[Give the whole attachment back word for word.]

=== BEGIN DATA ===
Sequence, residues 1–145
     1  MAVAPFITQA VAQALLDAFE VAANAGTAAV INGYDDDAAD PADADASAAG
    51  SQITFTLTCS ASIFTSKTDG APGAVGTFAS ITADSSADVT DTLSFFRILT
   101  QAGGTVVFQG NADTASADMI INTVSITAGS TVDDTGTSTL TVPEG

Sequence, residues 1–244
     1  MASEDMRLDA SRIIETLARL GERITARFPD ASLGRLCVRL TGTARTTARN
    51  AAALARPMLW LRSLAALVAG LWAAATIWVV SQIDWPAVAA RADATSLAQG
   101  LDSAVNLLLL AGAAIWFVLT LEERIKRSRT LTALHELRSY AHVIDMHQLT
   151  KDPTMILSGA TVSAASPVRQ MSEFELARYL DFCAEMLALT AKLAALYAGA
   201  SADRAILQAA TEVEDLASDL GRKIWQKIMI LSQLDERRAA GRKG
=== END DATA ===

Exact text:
Sequence, residues 1–145
     1  MAVAPFITQA VAQALLDAFE VAANAGTAAV INGYDDDAAD PADADASAAG
    51  SQITFTLTCS ASIFTSKTDG APGAVGTFAS ITADSSADVT DTLSFFRILT
   101  QAGGTVVFQG NADTASADMI INTVSITAGS TVDDTGTSTL TVPEG

Sequence, residues 1–244
     1  MASEDMRLDA SRIIETLARL GERITARFPD ASLGRLCVRL TGTARTTARN
    51  AAALARPMLW LRSLAALVAG LWAAATIWVV SQIDWPAVAA RADATSLAQG
   101  LDSAVNLLLL AGAAIWFVLT LEERIKRSRT LTALHELRSY AHVIDMHQLT
   151  KDPTMILSGA TVSAASPVRQ MSEFELARYL DFCAEMLALT AKLAALYAGA
   201  SADRAILQAA TEVEDLASDL GRKIWQKIMI LSQLDERRAA GRKG